US Tax Reforms The English Translation
A Beginner’s Guide to Tax Changes in the US
The Tax Cuts and Jobs Act includes sweeping changes to the tax code in the US for individuals and businesses. Specific to our area of focus, it significantly affects a public company’s ability to deduct compensation paid to certain executives, among other changes that impact future executive pay.
- The major changes, as outlined by the Harvard Law School Forum on Corporate Governance and Financial Regulation, for tax years beginning on or after January 1, 2018 are:
- Repealing the exceptions for “performance-based compensation” under the 1986 IRS Code Section 162(m) so that all compensation over US$1 million per year is now non-deductible (for ‘covered employees’);
- Expanding the scope of ’covered’ to include CFO, for example;
- Expanding the scope of corporations to which Section 162(m) would apply to include those with publicly traded debt and foreign private issuers;
- Changes in individual tax rates and elimination of deductions for state and local income taxes; and
- Decreasing corporate tax rates from 35% to 21%.
While the new 162(m) laws will no longer serve as a tax incentive for companies to comply with rigorous technical requirements including shareholder approval of goals, U.S. public companies will nonetheless continue to offer executives performance-based incentive compensation. Indeed, shareholders and proxy advisory firms will continue to expect alignment of performance-based pay and plans that support long-term value creation. Interestingly, design and implementation will now be possible without regard to the highly technical and prescriptive requirements of Section 162(m).
- Performance-based pay can apply to any performance metrics deemed appropriate.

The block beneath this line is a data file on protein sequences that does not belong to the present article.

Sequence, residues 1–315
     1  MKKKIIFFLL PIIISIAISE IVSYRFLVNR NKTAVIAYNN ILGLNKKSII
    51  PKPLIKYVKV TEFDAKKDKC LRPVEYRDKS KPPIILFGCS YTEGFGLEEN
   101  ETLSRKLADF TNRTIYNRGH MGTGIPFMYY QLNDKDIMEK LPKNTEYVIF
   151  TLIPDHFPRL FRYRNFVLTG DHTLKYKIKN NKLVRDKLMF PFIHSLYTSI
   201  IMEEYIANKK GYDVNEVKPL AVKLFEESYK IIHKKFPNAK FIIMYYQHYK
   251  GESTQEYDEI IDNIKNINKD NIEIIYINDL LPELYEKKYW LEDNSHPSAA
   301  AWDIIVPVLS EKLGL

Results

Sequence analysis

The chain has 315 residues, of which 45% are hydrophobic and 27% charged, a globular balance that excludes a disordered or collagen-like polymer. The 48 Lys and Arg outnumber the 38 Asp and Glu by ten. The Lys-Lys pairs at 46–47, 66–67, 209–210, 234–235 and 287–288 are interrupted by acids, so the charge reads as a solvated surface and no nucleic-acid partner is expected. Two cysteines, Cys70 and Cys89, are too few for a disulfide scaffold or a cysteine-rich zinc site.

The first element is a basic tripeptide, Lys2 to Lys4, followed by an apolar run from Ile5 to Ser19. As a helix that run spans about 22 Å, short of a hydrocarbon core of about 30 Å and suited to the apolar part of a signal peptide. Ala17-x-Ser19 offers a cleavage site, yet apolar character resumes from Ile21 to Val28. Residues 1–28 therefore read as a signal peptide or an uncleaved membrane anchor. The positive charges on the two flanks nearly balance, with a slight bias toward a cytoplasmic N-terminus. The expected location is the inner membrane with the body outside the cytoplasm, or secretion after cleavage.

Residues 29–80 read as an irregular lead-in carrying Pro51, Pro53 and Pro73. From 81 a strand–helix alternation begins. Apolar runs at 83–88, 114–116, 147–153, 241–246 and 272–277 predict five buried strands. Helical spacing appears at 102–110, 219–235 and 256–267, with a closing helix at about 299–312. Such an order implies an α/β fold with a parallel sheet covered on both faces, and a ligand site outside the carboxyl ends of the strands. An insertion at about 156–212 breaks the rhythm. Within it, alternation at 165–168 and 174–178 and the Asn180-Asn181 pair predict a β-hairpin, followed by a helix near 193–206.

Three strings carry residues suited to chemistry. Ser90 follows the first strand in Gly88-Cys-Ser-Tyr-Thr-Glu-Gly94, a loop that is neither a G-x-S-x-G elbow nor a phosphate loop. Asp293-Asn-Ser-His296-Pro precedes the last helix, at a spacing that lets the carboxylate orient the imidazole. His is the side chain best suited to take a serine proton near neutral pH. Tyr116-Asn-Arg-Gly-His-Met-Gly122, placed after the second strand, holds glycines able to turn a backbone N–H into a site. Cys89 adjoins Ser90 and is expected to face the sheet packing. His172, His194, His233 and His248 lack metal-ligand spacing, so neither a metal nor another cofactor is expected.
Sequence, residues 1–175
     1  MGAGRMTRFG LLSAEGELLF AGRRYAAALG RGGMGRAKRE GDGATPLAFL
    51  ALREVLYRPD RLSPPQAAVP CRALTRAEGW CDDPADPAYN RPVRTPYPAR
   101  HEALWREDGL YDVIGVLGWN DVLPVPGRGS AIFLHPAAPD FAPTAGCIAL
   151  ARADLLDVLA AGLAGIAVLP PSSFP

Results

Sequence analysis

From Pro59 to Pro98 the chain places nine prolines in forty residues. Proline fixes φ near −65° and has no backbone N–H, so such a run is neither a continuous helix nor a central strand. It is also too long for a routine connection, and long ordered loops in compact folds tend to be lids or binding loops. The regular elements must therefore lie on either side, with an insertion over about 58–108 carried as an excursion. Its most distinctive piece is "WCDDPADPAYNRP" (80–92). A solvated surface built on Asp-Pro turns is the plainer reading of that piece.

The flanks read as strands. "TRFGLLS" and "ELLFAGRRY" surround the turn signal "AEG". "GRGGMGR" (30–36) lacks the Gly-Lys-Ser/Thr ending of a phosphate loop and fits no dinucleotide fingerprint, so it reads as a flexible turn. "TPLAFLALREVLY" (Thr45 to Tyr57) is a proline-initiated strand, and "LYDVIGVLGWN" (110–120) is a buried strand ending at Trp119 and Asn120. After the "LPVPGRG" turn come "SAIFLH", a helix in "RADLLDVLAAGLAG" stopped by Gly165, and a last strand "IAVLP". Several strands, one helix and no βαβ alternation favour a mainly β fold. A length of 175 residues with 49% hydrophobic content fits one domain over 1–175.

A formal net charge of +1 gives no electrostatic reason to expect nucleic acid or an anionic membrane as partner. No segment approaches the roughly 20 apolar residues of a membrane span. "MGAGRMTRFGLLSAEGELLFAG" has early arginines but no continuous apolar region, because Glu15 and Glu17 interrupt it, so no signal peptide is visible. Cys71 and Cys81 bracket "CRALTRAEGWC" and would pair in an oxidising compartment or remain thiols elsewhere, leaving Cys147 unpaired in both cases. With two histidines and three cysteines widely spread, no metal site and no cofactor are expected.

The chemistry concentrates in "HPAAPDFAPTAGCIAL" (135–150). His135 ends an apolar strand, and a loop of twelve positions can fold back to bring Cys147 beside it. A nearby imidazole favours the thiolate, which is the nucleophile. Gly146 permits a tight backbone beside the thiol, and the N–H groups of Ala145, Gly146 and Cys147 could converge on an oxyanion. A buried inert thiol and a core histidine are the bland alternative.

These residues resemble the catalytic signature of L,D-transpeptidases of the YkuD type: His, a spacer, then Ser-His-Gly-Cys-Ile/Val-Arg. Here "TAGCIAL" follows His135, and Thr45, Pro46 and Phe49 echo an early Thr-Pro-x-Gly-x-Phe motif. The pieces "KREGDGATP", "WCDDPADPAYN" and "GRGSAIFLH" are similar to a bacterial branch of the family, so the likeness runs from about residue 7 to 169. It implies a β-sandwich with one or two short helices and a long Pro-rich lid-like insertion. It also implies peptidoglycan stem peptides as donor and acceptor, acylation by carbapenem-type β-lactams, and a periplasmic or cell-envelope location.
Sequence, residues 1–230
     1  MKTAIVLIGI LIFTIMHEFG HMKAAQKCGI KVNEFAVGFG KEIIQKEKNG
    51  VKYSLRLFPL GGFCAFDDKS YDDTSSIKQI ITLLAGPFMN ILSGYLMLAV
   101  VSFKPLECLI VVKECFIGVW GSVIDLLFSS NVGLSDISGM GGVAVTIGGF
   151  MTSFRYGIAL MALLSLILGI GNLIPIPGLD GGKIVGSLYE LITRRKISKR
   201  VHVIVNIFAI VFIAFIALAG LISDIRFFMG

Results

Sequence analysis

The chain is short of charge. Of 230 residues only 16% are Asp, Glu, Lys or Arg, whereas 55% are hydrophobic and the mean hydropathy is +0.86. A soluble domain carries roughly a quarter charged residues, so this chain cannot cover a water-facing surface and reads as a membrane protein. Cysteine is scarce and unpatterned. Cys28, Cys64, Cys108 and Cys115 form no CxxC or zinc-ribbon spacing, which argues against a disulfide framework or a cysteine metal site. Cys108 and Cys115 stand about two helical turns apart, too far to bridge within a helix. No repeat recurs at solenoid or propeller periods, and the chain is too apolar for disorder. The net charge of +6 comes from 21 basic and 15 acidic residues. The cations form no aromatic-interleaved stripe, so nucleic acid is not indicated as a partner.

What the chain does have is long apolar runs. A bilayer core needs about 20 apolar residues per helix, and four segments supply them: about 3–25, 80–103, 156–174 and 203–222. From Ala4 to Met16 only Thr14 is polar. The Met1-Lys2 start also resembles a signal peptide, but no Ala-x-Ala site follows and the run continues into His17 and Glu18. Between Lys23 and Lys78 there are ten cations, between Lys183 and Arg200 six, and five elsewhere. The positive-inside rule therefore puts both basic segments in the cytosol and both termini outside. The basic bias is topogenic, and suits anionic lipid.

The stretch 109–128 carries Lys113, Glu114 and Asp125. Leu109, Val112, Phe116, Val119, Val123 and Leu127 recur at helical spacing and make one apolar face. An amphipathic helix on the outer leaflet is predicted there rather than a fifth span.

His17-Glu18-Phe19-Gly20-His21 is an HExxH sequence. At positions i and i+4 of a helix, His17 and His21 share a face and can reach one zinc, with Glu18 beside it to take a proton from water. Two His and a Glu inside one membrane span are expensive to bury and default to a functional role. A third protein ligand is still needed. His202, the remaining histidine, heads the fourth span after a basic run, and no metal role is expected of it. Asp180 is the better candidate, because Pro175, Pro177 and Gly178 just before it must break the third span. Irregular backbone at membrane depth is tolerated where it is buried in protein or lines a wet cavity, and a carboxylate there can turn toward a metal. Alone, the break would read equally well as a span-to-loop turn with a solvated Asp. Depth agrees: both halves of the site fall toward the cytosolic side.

- The compensation committee can exercise discretion in either direction on any final pay-outs (previously, only negative discretion was allowed).
- Adjustments to performance goals need not be objective or determined in advance; depending on business circumstances, the compensation committee can adjust goals as needed.
- The preferential treatment of stock options and stock appreciation under Section 162(m) goes away, allowing for other performance-based compensation or award ‘currencies’.
- Equity plans can now be amended to remove complex provisions ensuring they qualify as performance-based, although shareholder approval of such amendments may still be required, of course.
US companies are likely now discussing:
- Updating equity plan prospectuses if they include tax disclosure regarding Section 162(m);
- Revisiting or discontinuing cash bonus plans with Section 162(m) provisions in favour of more flexible arrangements; and
- Reviewing who their covered employees will be for 2018 and beyond (likely ensuring the executive officer list is as narrow as possible)
What have U.S. companies done?
Pearl Meyer conducts Quick Polls, designed to provide up-to-date data and insights on trends. We conducted a poll of 300 clients in January this year, looking at the ways in which companies have or are considering responding to reduction of corporate tax rates to 21% under the Tax Cuts and Jobs Act. The following enhanced benefits are provided to employees:
- Roughly 20% of respondents have already provided some enhanced benefits to employees, and 35% are considering additional or new benefits;
- Current actions have most frequently consisted of one-time bonuses and increases in minimum wage—future considerations are more nuanced and reflect a longer-term enhancement to pay and benefits;
- The most common reasons for taking action or contemplating action included sharing the benefits of tax reform and recognising their employees’ efforts for the success of the business; and
- 88% of respondents who have made changes or are contemplating changes did not explicitly consider changes relative to a sharing ratio of any expected tax benefits with employees.
For those that have taken action, they made two changes to company programmes, on average.
- The most common action is a one-time bonus to employees, with over half of respondents providing a $1,000 bonus.
- 95% made structural changes to compensation—increasing the minimum wage and increasing salaries and retirement benefits.
Interestingly, 79% of respondents indicated that the board or compensation committee were involved in the decision-making process.